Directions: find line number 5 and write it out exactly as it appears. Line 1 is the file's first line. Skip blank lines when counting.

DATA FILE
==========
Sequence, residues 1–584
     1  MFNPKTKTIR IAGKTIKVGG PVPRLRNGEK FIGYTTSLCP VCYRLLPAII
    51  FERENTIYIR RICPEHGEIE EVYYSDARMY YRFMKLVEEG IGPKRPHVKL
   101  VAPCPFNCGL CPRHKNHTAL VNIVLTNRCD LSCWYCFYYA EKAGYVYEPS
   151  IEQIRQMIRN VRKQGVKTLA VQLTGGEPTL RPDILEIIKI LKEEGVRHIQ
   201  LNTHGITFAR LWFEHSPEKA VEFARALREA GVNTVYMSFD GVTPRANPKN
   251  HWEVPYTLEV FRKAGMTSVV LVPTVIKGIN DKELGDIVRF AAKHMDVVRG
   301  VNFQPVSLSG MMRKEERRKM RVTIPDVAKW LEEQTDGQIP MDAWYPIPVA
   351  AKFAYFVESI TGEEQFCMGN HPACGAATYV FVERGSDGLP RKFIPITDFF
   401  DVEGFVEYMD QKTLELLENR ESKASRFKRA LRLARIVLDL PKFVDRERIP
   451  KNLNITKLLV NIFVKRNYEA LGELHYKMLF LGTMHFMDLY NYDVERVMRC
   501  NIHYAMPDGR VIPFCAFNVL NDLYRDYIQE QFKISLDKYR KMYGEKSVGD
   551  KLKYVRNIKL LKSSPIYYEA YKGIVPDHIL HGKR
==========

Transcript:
   151  IEQIRQMIRN VRKQGVKTLA VQLTGGEPTL RPDILEIIKI LKEEGVRHIQ